Imagine if it were true that the majority of people excitedly leap out of bed each work day shrieking “I can’t wait to annoy my colleagues.” Although it may be a bit of a stretch to suggest that workplace “saboteurs “exist in large numbers, the fact remains that certain individuals take great pleasure in causing chaos at work, while others are completely oblivious to the damage inflicted by their dysfunctional, drama-based behaviour. Unfortunately, the potential for drama to escalate is an on-going problem, especially when one considers the fact that stress and overwhelm affect millions of people on a personal and professional level.
If you are experiencing the brunt of the theatrics displayed by the drama “queens” (and “kings”) in your workplace, the question becomes: “React? Or not?” Are there effective strategies available to mitigate the drama? Absolutely! But first, you must accept the following premise: You cannot control other people’s bad behaviour. You can, however, manage yourself.
The most effective approaches do require action on your part. And at times, doing nothing is the optimum response. The key is to recognize the reasons for your own reactivity around certain people. Simply put, people who continue to get under your skin are successful because they know how to push the right buttons.
Understand drama-based behaviour
All behaviour is learned. This includes the manner in which you react…or respond, to others. Those who have mastered the art of disconnecting from drama have decided that “enough is enough.” They have chosen to apply a different methodology and are able to accept the fact that they have a choice. i.e. continue to buy in; or find a way to rise above the situation. Most importantly, they understand that drama-based behaviour is not personal.
Consider the example of working with an individual who never greets his or her colleagues. Perhaps this person is an introvert, or it could be a case of waking up on the wrong side of the bed every day and choosing not to partake in any social “graces” such as acknowledging your presence. Or, they may be oblivious to the fact that their silence is bothersome. In other words, he or she may simply be operating as himself or herself. There is no agenda, yet the “non-response” makes some people uncomfortable. If you encounter this scenario in your workplace, what matters more is whether or not you choose to be bothered by it, speak up, or let it go. Whatever you decide, you can’t control the outcome. However, you can control the lens you use to evaluate the situation.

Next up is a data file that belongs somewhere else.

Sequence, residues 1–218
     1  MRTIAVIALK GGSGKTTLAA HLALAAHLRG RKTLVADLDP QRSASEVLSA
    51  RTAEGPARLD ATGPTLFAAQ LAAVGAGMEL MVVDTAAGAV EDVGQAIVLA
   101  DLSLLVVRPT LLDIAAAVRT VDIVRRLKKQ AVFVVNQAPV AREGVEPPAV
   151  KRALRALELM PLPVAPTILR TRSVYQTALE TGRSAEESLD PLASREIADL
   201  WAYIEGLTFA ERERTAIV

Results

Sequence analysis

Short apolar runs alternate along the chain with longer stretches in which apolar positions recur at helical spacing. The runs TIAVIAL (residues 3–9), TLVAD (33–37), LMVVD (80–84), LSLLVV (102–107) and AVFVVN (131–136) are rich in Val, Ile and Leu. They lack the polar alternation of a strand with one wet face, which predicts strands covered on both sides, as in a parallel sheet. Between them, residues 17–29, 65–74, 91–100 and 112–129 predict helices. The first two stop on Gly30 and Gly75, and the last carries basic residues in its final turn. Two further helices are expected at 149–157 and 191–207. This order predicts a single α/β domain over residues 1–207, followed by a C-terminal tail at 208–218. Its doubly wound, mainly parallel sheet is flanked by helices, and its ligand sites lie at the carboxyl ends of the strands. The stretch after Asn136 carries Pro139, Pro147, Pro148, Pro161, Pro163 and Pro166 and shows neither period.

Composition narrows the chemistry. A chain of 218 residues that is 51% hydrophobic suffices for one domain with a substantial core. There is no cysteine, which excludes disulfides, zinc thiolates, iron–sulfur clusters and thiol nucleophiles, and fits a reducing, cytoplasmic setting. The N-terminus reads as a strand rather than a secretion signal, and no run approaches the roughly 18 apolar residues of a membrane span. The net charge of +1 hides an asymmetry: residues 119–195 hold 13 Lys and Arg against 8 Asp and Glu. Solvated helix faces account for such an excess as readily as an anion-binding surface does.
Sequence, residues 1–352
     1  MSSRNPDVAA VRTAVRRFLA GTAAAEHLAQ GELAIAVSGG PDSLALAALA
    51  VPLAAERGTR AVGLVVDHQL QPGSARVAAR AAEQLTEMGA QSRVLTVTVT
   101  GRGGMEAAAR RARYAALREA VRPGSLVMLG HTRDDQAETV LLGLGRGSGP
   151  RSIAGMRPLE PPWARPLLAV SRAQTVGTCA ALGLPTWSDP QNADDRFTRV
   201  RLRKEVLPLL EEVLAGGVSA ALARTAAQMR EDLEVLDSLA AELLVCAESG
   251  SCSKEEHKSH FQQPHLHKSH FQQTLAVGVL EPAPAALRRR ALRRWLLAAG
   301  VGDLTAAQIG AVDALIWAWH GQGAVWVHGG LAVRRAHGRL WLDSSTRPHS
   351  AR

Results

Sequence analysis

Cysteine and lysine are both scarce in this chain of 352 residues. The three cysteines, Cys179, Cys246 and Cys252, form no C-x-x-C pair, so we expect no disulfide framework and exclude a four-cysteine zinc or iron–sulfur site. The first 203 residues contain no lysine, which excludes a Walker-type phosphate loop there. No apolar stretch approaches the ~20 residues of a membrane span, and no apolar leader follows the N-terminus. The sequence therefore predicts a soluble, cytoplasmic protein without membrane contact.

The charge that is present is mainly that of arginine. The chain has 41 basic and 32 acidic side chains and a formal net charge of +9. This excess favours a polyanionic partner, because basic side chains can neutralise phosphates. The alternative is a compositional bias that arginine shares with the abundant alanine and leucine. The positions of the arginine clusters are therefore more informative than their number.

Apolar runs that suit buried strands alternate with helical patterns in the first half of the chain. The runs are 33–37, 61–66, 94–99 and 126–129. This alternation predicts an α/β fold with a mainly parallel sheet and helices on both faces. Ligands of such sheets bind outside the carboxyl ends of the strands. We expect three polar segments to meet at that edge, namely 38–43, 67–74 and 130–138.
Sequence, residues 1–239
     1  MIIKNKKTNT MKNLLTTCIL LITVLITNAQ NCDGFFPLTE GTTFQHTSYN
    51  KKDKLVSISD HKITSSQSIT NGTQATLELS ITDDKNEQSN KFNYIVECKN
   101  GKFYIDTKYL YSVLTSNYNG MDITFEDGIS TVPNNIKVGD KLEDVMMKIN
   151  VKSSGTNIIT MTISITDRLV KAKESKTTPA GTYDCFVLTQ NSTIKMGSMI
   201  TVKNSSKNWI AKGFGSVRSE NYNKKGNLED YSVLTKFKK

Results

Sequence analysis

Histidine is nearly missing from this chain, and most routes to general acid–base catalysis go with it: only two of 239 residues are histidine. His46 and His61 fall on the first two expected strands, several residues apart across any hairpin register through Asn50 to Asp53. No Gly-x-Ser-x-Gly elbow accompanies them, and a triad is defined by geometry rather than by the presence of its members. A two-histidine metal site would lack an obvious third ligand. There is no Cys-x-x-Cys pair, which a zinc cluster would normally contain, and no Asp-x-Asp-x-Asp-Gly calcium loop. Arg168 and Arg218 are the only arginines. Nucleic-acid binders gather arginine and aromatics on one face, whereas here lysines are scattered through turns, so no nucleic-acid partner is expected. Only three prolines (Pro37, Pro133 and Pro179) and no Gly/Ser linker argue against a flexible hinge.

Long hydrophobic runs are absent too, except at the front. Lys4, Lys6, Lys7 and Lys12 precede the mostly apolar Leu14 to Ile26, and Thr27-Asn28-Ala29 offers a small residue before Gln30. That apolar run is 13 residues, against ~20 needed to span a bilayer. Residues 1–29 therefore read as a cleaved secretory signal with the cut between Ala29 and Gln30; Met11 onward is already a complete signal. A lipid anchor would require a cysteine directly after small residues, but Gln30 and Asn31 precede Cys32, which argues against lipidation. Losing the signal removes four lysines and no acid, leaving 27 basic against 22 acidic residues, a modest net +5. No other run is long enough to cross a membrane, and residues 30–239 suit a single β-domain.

Core reasons behind drama escalation
Renowned emotional intelligence expert Daniel Goleman has described an individual’s “emotional quotient” (EQ) as a “priceless commodity.” Research conducted by Goleman and leading providers of emotional intelligence analytics report that there is a direct correlation between high levels of EQ and high levels of performance at work. Surprisingly, many organizations fail to emphasize the importance of emotional accountability. i.e. taking responsibility for practicing emotional intelligence and being cognizant of behaviours that negatively impact workplace culture. When drama-based behaviour goes unchecked, many people feel frustrated by the lack of accountability on the part of the instigators, as well as managers. As a result, the potential for drama and conflict escalates. In order to change the pattern, greater priority ought to be given for professional development opportunities in the areas of interpersonal communication, conflict management and collaborative workplace relationships.
Having been on the receiving end of a manager’s tyrannical, aggressive leadership style, I felt an overwhelming sense of powerlessness. I lacked the skills to effectively manage myself and as a result, I shut down and resigned myself to the fact that the relationship would continue to deteriorate. And I was right. One of the biggest reasons for high levels of disengagement in organizations of every description is the existence of dysfunctional workplace relationships at all levels. It is easy to understand why many people become disenchanted, disheartened and disillusioned, especially when there is a foreboding sense of gloom and fear that nothing will change. Many years later I realized that the dynamic between my boss and myself represented a major turning point; a teachable experience that afforded me the opportunity to take charge of myself and take the lead in my career.
End of Part One: Ending The Drama At Work – It Starts With You
Watch for Part Two!
This article first appeared in Executive Secretary Magazine, a global training publication and must read for any administrative professional. You can get a 30% discount on an individual subscription when you subscribe through me. Email firstname.lastname@example.org and tell them I sent you.